It wasn’t so long ago that the diesel engine was viewed as a utility kind of power house for everything that’s heavy: trucks, buses, transport vans, pickup trucks, and more so with bigger crafts like ships. It had the ideal pull for big wheels that move big stuff. However, this “boss of bulk” image has also led many to believe it has limited uses, until recently when manufacturers started marketing passenger cars with diesel options.
Rudolf Diesel invented the Diesel engine in 1893, and it was initially used for industrial activities. Cars with diesel engines existed as early as the 1930’s. The Citroën Rosalie as the first production car with this type of engine. In January 1930, Cummins Engine Company mounted a diesel engine in a used Packard Touring Car and set out for the National Automobile Show in America’s first diesel-powered automobile.
Today, car makers like Audi, BMW, Chevrolet, Volkswagen, and Mercedes-Benz have all adopted a diesel option for their sedans in Europe, where they now sell competitively. Contrary to popular belief, the engines used in these modern vehicles are no longer the noisy, clunky, gunk-prone and smoke-belching ones from days past. Improved engine design over the decades has upped combustion and efficiency rates, as well as reducing emissions. Models like Audi‘s A3, BMW 328D, Chevrolet Cruze, Volkswagen‘s Jetta and Passat, as well as the Mercedes-Benz E320 BlueTec are fine examples of diesel-powered sedans. In the Asian market however, Hyundai is so far leading the pack this decade with its current line of Accent sedans and hatchbacks. Mazda has released in Europe versions of the Mazda 2 and 3 with SkyActiv-D diesel engines.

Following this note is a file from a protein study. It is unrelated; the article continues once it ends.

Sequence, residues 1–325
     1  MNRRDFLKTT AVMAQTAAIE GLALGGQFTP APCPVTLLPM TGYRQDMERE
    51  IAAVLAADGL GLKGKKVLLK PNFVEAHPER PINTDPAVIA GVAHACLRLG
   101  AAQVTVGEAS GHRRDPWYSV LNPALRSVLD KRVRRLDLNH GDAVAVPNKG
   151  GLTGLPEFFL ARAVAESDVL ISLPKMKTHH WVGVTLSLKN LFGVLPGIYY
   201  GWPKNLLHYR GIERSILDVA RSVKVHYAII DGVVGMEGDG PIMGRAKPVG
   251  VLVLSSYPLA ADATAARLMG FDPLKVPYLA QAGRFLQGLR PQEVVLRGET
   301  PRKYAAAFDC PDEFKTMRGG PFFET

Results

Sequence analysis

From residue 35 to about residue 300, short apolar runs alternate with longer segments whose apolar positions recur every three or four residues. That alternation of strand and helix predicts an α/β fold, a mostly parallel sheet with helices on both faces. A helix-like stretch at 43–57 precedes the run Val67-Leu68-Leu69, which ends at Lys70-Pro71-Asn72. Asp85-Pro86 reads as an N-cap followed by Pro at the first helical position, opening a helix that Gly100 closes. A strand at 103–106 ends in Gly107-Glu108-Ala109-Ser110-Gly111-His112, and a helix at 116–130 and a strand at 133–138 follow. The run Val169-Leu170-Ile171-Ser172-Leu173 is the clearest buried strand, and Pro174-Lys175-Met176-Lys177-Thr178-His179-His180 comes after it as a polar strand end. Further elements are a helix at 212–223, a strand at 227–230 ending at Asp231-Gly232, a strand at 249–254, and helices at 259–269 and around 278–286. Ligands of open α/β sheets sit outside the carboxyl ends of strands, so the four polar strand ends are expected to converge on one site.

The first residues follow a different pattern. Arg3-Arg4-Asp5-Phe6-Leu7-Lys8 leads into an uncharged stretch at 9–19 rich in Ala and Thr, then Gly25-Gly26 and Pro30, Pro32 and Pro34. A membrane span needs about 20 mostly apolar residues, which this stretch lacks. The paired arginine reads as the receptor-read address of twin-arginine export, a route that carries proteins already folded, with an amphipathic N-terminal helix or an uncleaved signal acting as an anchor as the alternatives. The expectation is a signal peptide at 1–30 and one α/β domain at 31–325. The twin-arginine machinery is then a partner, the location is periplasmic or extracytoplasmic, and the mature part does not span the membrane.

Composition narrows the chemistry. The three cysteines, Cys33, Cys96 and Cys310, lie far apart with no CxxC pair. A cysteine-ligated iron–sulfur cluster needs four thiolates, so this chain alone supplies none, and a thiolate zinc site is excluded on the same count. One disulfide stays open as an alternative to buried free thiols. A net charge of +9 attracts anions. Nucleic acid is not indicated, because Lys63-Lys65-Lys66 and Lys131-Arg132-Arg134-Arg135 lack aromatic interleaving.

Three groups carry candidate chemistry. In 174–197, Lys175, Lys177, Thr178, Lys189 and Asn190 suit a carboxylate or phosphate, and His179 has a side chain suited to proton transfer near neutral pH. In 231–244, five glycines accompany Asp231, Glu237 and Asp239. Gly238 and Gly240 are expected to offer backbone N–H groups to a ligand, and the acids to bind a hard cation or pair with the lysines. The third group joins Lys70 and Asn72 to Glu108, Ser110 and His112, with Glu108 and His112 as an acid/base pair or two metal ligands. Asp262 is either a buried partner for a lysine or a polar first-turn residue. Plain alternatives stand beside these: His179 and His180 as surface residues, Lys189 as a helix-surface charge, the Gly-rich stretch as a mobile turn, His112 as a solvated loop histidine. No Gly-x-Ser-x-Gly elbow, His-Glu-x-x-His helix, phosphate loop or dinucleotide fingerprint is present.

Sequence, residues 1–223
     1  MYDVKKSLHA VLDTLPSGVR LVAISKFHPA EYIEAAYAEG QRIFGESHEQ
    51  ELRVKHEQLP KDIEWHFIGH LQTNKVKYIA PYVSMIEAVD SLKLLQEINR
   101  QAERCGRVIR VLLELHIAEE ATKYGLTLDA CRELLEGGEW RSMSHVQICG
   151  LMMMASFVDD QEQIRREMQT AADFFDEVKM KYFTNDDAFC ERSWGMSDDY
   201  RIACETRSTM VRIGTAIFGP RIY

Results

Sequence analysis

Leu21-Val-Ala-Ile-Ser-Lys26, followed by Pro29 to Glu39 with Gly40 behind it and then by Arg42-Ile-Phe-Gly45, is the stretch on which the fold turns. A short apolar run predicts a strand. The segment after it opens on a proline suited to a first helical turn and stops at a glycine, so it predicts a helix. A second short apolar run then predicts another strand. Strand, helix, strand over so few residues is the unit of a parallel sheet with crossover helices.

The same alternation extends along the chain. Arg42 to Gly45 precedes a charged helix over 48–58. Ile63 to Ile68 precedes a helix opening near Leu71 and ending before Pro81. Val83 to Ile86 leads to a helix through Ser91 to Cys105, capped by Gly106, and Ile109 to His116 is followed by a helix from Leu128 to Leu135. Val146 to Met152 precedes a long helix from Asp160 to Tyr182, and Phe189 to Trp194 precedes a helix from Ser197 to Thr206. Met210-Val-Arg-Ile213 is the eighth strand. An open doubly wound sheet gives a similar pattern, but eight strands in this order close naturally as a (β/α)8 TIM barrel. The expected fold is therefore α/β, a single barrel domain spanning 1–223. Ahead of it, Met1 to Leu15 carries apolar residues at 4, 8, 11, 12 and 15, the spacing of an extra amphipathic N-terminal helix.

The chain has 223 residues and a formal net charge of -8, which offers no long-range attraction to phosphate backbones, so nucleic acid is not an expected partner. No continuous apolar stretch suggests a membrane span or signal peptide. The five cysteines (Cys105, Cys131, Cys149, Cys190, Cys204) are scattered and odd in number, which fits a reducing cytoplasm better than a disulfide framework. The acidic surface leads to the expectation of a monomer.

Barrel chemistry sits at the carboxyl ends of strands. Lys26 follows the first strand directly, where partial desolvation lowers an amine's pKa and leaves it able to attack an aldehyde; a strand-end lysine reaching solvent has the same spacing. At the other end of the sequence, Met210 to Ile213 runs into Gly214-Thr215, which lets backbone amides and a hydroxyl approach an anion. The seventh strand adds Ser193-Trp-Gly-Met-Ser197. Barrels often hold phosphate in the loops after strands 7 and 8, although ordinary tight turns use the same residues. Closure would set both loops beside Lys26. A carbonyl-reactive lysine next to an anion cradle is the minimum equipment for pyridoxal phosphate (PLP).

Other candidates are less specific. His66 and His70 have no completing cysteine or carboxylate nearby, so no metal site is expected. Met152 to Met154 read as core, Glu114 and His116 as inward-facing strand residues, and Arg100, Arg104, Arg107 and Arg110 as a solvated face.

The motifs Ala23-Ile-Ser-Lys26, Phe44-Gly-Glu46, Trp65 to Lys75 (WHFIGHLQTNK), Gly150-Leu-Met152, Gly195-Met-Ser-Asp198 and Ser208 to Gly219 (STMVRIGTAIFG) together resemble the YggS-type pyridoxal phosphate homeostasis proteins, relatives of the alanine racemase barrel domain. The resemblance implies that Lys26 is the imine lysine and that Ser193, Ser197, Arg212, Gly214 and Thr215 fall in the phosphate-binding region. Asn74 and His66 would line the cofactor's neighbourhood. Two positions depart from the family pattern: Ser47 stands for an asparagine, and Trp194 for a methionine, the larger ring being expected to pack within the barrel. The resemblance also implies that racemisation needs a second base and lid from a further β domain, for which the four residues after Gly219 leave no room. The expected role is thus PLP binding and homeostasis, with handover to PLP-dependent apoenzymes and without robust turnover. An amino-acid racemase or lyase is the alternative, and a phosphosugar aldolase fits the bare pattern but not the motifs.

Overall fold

Pros and Cons of Diesel Engine
One of the advantages of diesel, at least for developing countries, is its economy. Gasoline prices in Southeast Asia for example are usually higher than diesel, so it is a fine option for spendthrift owners who want the most mileage out of every drop of fuel. The thermal efficiency of diesel engines is still better than its gasoline counterparts, thanks to a higher compression rate and fuel-to-air breakdown. Modern designs are now also incorporating protection against cold temperatures and reduced noise, which were one of the telltale signs of older diesel engines.
Another great advantage for vehicles running on diesel is their longevity. As long as they’re well-maintained, filters cleaned regularly, and calibration checked, they can last a good long decade or so. For car owners, that’s a big plus since everyday driving can either make or break the engine. By characteristic, while gasoline engines make for better speed, diesel ones make for better burning, making it stronger rather than faster.
But of course, there’s also a downside to using Diesel powered cars. Mainly, they’re more expensive, at least in the Asian market. Prices can range as much as 15 to 25% higher than their gas counterparts. Tune-ups can also be a headache, since their technology is more advanced than regular gasoline engines. Finding an expert mechanic to calibrate, tune, or improve performance can be quite a task.
What’s left of course for the buying population is an advantage brought by choice. The option to choose from a regular gasoline or a diesel engine presents a win-win situation for both. More manufacturers are expected to release diesel options in the next ten years, and hopefully they will also be available in the Philippines.